“While the Bauhaus is so often thought of as a story of politics triumphing over design, it is really a story of design triumphing over politics… While the fighting and politics have come and gone, the objects will remain. They are classics.”
—Paul Goldberger, architecture critic of The New York Times
“[T]he greatest responsibility of the planner and architect, I believe, is the protection and development of our habitat. Man has evolved a mutual relationship with nature on earth, but his power to change its surface has grown so tremendously that this may become a curse instead of a blessing.”
— Walter Gropius, founder of the Bauhaus
This Mies van der Rohe and Lilly Reich Barcelona chair looks different from the images you may have seen captured a century ago, before we colonized our first neighbor-planet.
Knoll doesn’t exist anymore and, of course, neither does its patent on what was once one of its most expensive products. Mies did say the chair was “fit for a king.” Though he meant it quite literally, it was easy to conflate his comment with the chair’s exorbitant price tag.
Did someone give you the impression that the Bauhaus was a socialist utopia, in which the proletariat fought for the rights of common humans? You could say that the Bauhaus was fighting for the consumption power of the common human — better goods for everyone, and more of them. For a minute, when Bauhaus mystics and hippies were picking through trash for supplies, it was a bit socialist.
Politics come and go, though, only objects remain.
And now, they live forever.
Bauhaus designers found hidden value in trash, as do I. But trash isn’t what it used to be.
Everything made is required to be remade, repurposed, reused, reborn. I remade this Barcelona chair, followed its streamlines and curves (which were designed to hide in plain sight).
My new version will be shared by everyone, will last lifetimes with maintenance, and will change with your tastes. You see what you want to see in our augmented reality, but I know what I made. Its minimal materiality makes it an acceptable use of resources, according to contemporary dictates.
Using steel would be out of the question; that’s reserved for high rises and farm equipment. Instead, bamboo was grown at the edges of our shared property for five years. After harvesting, I let it dry for a week, and flattened it. I shaped it into the curved frame of the Barcelona, careful to pull pieces just the right size because nothing is waste. The chair’s straps are made of sealed polyesters, recycled and treated to ensure not a single fiber will escape into the air, water, or earth. Finally, a syntrophic mixed culture of bacteria and yeast creates the simu-leather covered cushions, which are made of natural latex. It feels like a Barcelona, but it looks like what might have been called a knock-off — almost right, but not the same.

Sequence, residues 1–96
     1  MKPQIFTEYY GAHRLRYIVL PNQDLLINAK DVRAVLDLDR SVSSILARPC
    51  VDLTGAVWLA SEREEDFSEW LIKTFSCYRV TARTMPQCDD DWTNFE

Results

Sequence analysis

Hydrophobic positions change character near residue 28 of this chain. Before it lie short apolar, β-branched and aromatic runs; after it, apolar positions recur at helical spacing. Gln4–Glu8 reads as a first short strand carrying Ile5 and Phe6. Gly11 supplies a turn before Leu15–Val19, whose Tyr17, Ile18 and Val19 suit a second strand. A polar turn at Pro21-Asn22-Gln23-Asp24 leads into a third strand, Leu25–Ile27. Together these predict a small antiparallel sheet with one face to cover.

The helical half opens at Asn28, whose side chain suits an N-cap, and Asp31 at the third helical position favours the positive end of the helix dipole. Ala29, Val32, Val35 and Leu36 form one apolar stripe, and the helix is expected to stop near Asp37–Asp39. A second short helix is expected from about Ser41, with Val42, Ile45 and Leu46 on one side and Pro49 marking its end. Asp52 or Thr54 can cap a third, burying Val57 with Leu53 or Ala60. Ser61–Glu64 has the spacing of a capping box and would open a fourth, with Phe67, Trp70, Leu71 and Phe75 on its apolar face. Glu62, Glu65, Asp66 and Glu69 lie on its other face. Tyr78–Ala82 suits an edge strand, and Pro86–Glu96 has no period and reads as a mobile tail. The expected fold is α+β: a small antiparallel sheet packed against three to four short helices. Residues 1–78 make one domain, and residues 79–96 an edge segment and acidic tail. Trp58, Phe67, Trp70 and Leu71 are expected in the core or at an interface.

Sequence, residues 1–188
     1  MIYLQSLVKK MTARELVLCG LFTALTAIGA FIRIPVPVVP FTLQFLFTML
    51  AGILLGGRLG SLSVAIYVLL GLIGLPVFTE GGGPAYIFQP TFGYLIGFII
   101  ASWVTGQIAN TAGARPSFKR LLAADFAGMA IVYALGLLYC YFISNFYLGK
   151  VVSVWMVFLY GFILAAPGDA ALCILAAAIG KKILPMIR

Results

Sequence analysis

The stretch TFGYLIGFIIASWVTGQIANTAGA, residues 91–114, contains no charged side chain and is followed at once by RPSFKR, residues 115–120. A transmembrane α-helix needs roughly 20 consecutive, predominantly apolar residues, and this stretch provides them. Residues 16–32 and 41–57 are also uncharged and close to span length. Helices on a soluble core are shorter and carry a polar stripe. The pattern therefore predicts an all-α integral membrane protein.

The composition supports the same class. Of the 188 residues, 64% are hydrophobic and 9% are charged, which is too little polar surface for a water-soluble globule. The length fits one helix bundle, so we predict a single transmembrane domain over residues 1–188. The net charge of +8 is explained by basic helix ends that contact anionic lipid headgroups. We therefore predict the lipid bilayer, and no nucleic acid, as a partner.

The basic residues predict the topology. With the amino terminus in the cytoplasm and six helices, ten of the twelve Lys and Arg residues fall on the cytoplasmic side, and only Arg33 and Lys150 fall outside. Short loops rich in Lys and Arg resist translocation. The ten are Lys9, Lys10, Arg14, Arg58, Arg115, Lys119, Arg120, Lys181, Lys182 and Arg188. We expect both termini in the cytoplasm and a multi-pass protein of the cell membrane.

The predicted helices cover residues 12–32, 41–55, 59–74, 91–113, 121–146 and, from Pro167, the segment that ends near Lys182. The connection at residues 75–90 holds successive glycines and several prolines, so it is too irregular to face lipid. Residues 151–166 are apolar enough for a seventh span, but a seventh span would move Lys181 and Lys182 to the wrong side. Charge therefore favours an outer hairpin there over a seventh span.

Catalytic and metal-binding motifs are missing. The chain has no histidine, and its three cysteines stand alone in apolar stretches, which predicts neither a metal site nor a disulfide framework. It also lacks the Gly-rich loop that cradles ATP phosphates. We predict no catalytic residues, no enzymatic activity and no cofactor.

It’s a tribute that some would argue is an improvement on the original, but I am not the designer, just a designer. The designer is long gone and not far behind was the form of consumerism that almost destroyed our home.
But you imagine your world and I just stage it. Behind the layers of reality, I experiment with materials and processes in an attempt to reverse the effects of the Anthropocene era.
The frameworks that guide what I do are based on what’s best for the environment, with a modicum of consideration for what’s best for you. (You did find the Barcelona and took a seat, didn’t you?) Lead times are long, and prototyping for unintended consequences is key to moving a project forward. I measured the environmental impact of cutting back the bamboo, treating the polyesters, and growing the bacteria and yeast before making this one classic thing a reality.
Today, creating something new is rare.
Today’s designer is usually a resetter — we repair and replace, ensuring a closed loop. Most of what we make aren’t things at all. Usually, they are anti-things — ways of cutting out what someone else created that is breaking apart the world around us.
Once upon a time, the consequences of every little thing were sneaky, out there in the open, so inconspicuous. Now, every little thing is transparent — objects and consequences alike.
In 2019, we at Illinois Tech celebrate the centenary of the founding of the Bauhaus, together with institutions worldwide. In the spirit of this celebration and IIT Institute of Design’s (ID’s) heritage as the New Bauhaus, student group mediaID produced a Bauhaus newsletter. A collection written, photographed, designed, and curated by students at ID and Illinois Tech, in the newsletter students reflect on the influence of the Bauhaus, examining its relevance and impact today while also looking toward the future.
This project was sponsored by Chicago’s Goethe-Institut. ID students also collaborated with the School of the Art Institute of Chicago, where students created a companion newsletter.